Total number of deaths I would expect to be way down - but the media will happily crucify over non-fatal accidents or a single fatal accident.
  5. JeffK

    JeffK Well-Known Member

    Apr 27, 2016
    Well after self driving is fully enabled they can't make arguments about how the the term autopilot is confusing to laymen.
  6. 1208

    1208 Active Member

    Dec 22, 2014
    Will they still call it autopilot when fully autonomous?
  7. dandurston

    dandurston Member

    Jul 16, 2015
    Victoria, BC, Canada
    I think we've moved past the point where crash headlines are a big issue.

    Back in ~2014 there were the fire incidents that sent the stock tanking and played out ad naseum in the media but eventually no one cared anymore so the news headlines stopped. If another car or two burned now, no one would care and it would be trivial news.

    Similarly, the headline "yet another autopilot crash" has grown old. If there was another fatality the publicity hit won't be nearly as bad as the first one, and it'll continue to decline. I think the public is moving past the point of caring, like they have for ICE accidents. So from here on, I think how AP is received is going to depend more on it's actual performance.

    With that said, if an AP crashes into a bus of kids it's still going to get a lot of bad press.
  8. Skotty

    Skotty 2014 Model S P85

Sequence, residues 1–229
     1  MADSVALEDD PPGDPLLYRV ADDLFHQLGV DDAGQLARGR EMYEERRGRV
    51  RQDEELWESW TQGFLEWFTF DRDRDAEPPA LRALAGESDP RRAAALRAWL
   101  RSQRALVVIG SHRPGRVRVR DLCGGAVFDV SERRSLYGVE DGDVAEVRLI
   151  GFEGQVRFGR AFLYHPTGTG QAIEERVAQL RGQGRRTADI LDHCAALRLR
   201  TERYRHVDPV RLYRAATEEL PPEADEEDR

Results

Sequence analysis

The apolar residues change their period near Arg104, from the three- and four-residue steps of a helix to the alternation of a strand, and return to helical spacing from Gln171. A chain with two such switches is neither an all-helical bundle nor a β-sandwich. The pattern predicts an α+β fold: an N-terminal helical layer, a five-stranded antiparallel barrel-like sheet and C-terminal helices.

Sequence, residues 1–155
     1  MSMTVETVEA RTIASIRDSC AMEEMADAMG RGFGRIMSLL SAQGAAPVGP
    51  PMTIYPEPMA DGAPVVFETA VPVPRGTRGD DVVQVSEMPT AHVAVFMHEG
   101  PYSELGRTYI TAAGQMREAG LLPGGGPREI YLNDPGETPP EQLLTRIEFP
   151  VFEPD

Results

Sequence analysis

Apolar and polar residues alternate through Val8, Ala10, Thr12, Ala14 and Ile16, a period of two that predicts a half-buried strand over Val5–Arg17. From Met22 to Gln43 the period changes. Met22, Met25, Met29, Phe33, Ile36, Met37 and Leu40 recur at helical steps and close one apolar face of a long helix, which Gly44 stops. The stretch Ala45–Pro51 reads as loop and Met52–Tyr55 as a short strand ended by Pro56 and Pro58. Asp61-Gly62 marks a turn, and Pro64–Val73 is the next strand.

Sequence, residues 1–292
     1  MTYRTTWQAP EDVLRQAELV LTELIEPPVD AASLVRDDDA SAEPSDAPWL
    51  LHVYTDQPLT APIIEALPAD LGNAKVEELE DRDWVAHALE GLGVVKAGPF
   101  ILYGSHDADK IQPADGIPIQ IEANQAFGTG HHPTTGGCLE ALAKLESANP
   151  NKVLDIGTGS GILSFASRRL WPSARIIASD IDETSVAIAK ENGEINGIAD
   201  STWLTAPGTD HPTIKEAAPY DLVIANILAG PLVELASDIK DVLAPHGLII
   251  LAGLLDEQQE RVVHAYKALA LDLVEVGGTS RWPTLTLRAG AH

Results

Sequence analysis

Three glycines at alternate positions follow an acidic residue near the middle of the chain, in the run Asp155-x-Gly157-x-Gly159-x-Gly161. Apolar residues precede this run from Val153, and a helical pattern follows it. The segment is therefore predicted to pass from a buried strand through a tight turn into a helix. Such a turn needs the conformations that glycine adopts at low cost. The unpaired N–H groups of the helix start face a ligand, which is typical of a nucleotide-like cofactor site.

Jun 27, 2013
    Kansas City, MO
    Anyone who looks at it deeply will take it in context of how it compares to a human driver. Assuming they achieve the desired safety level, there will be nothing to complain about, other than debating further refinements. Managing the PR, however, will be a challenge.

    I vote no. Doing so would give ammunition for the claim that 1.0 shouldn't have been called autopilot.
  9. 22522

    22522 Active Member

    Jun 6, 2016
    There are a couple of things going on here.

    1) Takata airbags have killed 11 people. That is the biggest recall in history. Honda rented a replacement car for a month.

    2) Tesla seems to think that better than a human is enough. There is a huge distribution of human performance. A scenario is: drunk driver with no lights running a red traffic light at night. Tesla wins the liability case, but the occupant might be dead.

    I think Tesla can and should solve this. If they do, there should be no legal proceedings. Open and shut.
  10. EvanLin

    EvanLin Member

    Oct 9, 2016
    Besides technology, I think the major problem of autonomy "for a car company" is, you can't blame the driver on any accidents anymore.
    The car company takes full responsibility.

    That's huge difference and costs.
    Even 10x safer may not be enough. We are talking about less than 10 cases of incorrect judgement in fatal conditions, ever.
    • Like x 1
  11. CarlitoDoc

    CarlitoDoc Member

    Mar 31, 2016
    Yakima, WA
    Blame Darwin !!
  12. stopcrazypp

    stopcrazypp Well-Known Member

    Dec 8, 2007
    On the Tesla website, they call it "full self-driving".

    Autopilot and Enhanced Autopilot still refer to the type that requires driver attention.

    S4WRXTTCS Active Member

    May 3, 2015
    Snohomish, WA
    #13 S4WRXTTCS, Oct 26, 2016
    Last edited: Oct 26, 2016
    I wouldn't get too concerned just yet about Full self driving deaths 3-4 years down the road .

    What we have to be concerned about in the immediate future is possible deaths from E-AP. That could disrupt things well before we get to full self driving.